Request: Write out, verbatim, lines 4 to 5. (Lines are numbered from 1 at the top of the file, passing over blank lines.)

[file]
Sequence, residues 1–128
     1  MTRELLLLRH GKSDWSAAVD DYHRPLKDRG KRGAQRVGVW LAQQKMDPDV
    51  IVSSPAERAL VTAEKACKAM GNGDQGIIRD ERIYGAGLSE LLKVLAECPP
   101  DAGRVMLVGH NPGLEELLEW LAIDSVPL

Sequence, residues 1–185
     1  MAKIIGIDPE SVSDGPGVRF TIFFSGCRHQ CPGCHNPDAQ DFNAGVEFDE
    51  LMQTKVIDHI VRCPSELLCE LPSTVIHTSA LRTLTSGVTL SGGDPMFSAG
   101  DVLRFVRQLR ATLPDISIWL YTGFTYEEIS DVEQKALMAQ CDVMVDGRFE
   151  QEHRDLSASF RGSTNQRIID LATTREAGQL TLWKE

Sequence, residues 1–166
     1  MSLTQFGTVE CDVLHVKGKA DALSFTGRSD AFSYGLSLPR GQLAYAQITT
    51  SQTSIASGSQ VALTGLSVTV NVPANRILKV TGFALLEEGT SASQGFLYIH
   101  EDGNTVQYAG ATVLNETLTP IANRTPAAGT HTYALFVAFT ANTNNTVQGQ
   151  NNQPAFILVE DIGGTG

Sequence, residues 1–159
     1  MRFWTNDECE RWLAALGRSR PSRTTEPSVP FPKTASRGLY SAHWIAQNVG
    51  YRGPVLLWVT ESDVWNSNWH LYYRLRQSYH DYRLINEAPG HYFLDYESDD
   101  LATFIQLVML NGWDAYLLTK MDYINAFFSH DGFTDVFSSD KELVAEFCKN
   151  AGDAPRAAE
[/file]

   101  DAGRVMLVGH NPGLEELLEW LAIDSVPL

Sequence, residues 1–185